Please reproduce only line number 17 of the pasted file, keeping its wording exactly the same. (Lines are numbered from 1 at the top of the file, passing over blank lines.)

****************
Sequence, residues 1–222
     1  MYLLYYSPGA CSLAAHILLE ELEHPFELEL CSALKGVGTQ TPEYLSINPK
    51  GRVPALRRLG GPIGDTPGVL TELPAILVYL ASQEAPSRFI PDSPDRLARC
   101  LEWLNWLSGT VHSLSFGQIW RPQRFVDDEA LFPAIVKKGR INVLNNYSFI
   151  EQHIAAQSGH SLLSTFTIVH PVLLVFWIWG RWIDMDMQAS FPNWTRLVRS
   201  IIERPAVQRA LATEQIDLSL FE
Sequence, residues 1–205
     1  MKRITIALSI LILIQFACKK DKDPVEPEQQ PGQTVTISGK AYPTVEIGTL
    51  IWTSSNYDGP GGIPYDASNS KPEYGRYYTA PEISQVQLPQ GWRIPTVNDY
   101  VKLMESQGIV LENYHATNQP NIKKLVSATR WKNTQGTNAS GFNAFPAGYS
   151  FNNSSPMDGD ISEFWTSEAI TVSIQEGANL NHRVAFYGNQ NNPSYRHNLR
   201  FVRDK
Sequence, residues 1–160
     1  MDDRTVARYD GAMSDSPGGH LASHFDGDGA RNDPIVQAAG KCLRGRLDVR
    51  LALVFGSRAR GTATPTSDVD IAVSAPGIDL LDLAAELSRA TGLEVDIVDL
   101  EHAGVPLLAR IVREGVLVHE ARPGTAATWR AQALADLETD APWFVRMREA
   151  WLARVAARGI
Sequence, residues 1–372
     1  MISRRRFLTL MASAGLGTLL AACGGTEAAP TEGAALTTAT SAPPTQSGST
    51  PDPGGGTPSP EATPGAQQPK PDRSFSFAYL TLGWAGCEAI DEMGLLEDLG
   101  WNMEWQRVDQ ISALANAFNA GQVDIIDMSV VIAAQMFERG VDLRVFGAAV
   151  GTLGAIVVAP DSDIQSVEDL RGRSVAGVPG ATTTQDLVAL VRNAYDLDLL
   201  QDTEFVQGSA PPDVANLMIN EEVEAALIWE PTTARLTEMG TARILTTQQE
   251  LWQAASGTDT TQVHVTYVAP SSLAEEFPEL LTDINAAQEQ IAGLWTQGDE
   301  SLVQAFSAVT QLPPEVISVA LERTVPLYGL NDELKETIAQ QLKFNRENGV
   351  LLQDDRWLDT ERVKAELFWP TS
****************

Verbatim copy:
   151  WLARVAARGI